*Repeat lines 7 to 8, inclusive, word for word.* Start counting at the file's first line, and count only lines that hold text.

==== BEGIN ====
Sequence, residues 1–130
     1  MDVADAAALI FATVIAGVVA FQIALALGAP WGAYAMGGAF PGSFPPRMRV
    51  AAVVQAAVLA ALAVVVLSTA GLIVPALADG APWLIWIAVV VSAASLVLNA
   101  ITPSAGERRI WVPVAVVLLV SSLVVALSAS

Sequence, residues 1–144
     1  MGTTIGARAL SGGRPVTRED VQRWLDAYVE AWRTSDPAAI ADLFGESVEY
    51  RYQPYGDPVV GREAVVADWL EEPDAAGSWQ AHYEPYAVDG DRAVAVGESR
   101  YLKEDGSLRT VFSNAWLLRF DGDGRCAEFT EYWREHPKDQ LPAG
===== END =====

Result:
    51  RYQPYGDPVV GREAVVADWL EEPDAAGSWQ AHYEPYAVDG DRAVAVGESR
   101  YLKEDGSLRT VFSNAWLLRF DGDGRCAEFT EYWREHPKDQ LPAG